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8.7 Integrating Security Technologies

Security technologies are often used alongside other crime prevention measures or integrated with other technologies to enhance their effectiveness. For example, the security solution that has been put in place to address the risk posed by terrorism in London is a convergence of target hardening and CCTV surveillance practices (Fussey, 2007). The anti-terrorist strategies put in place to counter the effects of potential major terrorist threats, such as vehicle-based bombs, include traditional situational crime prevention measures (e.g. introducing barriers and bollards, reducing the number of entrances to buildings, restricting parking) which work alongside surveillance technologies.

The three security technologies discussed above are often linked to computer databases that help process the data collected. Lyon (2002: 246) made the following comment when examining security technologies and the opportunities they provide for intensive surveillance:

It is their dependency on computer-based information infrastructures that gives them their peculiar power. Without the assistance of complex and sophisticated data processing power, these new technologies would remain relatively weak as surveillance tools

Digital CCTV systems have been linked to various computer programmes to help operators identify 'unusual events' such as a person behaving suspiciously, problematic individuals or specific vehicles (Graham, 2000: 47). The purpose of the technologies is to help law enforcement agencies 'in their decision-making coordination, control, analysis and visualisation (Ceyham, 2008: 109). Biometrics systems depend heavily on connective technologies because without the system's ability to compare the captured data to individuals in a searchable database, the process would not have the capacity to efficiently identify individuals and threats.

Facial recognition technology is a security measure that integrates CCTV and biometric systems. The process involves CCTV cameras surveying individuals and attached to the cameras are "Face Grabbers" which are devices that extract face images from the continuous video stream (Gates, 2002). The images are converted into templates that are compared to templates stored in a database of risky individuals such as terrorists or criminal suspects. When a match is found the system will alert a human operator who takes appropriate action.

Introna and Wood (2004) suggest that the processing of people through facial recognition systems has a number of political implications that are not fully understood. The systems depend on algorithms that define when individuals are matched to samples taken by the cameras. These algorithms have a profound impact on how the systems work and the systems make use of computer programmes 'to provide more than the raw data observed' (Introna and Wood, 2004: 181) through the CCTV cameras. Research has found that the algorithms display identification biases and recognition rates are higher for males and older people. Green et al (2003: 9) came to the conclusion that 'some people are easier to identify than others' and this included the finding that other races were easier to identify than white including Asians and Afro-Americans. The technology is not intrusive and data can be collected and processed without individuals' knowledge and the algorithms at the centre of the process are very difficult to scrutinise due to their complex nature.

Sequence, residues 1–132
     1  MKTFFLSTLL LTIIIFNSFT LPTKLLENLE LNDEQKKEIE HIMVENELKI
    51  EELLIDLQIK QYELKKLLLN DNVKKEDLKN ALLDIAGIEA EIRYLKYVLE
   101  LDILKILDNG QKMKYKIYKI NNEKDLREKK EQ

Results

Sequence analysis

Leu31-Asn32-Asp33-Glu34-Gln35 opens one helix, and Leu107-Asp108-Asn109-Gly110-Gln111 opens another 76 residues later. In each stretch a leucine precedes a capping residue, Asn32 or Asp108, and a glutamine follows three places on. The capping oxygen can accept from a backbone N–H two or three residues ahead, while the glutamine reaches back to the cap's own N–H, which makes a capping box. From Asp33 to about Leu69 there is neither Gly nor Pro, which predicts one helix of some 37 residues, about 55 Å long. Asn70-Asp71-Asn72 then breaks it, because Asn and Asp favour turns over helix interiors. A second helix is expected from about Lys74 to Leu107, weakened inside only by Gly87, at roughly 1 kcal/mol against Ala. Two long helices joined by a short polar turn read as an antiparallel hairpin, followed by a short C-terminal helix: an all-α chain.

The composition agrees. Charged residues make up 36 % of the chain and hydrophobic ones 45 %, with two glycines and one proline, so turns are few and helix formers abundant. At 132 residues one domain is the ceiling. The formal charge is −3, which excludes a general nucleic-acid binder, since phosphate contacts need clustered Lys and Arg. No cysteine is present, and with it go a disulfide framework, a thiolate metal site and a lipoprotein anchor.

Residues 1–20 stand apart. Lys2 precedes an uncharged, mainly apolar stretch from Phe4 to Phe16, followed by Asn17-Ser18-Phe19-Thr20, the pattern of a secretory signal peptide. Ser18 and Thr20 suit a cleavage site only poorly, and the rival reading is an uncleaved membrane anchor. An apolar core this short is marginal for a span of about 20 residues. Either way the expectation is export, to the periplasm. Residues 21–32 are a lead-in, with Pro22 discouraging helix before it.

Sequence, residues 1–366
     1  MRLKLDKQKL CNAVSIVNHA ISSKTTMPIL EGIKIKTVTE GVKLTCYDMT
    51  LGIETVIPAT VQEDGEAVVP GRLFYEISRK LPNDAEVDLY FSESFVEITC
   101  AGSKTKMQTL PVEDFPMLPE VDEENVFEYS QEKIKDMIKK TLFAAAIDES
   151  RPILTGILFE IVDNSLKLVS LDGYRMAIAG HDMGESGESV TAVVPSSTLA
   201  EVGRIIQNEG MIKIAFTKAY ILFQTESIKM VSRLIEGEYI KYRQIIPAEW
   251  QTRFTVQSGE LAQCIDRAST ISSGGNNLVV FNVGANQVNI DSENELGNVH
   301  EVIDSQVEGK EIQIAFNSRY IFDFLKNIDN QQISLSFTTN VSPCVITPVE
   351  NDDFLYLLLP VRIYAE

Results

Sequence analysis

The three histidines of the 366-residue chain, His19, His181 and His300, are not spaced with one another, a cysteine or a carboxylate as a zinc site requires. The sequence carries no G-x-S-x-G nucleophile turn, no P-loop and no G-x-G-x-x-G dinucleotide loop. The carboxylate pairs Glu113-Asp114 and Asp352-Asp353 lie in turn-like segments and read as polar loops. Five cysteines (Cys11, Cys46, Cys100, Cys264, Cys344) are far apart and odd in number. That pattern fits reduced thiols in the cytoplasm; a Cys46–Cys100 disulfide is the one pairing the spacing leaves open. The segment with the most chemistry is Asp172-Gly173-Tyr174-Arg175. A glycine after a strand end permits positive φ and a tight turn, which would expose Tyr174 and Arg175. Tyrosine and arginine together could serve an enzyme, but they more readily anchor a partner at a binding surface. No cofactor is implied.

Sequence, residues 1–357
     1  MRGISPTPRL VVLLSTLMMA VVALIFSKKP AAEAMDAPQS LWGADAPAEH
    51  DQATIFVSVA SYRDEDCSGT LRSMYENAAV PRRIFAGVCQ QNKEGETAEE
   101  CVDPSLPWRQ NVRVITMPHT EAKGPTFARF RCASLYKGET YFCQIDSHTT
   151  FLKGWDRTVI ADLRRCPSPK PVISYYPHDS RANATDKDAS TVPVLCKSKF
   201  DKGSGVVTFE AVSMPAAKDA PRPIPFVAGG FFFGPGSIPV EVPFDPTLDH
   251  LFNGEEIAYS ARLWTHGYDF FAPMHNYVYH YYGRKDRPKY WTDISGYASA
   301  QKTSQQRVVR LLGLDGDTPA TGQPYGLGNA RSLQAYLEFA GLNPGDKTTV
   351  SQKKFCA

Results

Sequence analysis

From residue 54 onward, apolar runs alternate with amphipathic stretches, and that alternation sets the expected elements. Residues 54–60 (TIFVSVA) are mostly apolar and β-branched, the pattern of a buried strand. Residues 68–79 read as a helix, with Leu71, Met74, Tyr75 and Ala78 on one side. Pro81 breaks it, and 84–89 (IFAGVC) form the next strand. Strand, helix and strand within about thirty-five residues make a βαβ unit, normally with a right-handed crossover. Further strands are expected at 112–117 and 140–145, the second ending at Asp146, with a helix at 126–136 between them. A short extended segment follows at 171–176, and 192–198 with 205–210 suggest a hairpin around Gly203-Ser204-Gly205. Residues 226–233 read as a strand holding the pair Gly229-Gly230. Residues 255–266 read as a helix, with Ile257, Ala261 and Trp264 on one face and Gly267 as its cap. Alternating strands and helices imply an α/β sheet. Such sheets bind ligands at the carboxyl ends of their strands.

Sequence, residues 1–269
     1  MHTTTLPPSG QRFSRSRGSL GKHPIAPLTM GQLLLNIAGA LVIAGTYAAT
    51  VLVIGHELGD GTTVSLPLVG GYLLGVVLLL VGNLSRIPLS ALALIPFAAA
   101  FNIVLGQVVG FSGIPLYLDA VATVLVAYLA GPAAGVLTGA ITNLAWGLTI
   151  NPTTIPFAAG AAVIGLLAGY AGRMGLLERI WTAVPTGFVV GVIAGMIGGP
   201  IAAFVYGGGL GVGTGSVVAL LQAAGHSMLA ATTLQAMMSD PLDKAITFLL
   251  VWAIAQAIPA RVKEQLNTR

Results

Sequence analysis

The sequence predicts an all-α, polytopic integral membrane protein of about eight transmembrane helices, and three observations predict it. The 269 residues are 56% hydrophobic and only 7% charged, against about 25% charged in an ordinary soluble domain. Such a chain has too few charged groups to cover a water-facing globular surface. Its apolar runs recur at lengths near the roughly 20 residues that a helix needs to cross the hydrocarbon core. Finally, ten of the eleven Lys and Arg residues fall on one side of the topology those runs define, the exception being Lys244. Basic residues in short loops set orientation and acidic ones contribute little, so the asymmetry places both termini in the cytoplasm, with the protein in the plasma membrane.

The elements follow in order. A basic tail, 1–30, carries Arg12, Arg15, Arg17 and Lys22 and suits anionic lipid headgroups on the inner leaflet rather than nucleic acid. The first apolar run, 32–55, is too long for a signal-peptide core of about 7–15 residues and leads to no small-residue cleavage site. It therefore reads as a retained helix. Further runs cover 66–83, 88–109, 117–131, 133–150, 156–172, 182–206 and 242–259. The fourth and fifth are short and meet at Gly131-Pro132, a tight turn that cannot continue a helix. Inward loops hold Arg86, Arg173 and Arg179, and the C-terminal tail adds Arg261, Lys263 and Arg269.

The effectiveness of facial recognition technologies relies heavily on the quality of the image captured and in crowded or outdoor environments capturing a high quality image can be problematic. A number of other factors can impact on the identification process and these include the length of time between when the image in the database was captured and when the image was taken by the camera (ibid: 189). If systems have to compare images to large numbers of records in a database this can have a detrimental effect on the system's ability to identify people. Lyon (2003: 671) argued that facial recognition technology has only limited uses and will probably be ineffective against terrorism as capturing high quality images of terrorists to store in data is difficult and they can wear disguises to avoid recognition.

A facial recognition system was linked to 300 cameras in the Newham district of London. Introna and Wood (2003) reported that the police admitted the system had not led to any positive identifications, despite being linked to a small database of offenders. The integration of security technologies appear to offer ways of processing data collected about individuals and alerting agencies to risky individuals. The technological fix that many of the systems offer has many weaknesses and the technology has to prove itself in real world environments before it will become a widespread technique of surveillance. Many terrorist threats are not from individuals who are known to law enforcement agencies meaning their data will not be stored on databases which allows them to avoid automated recognition.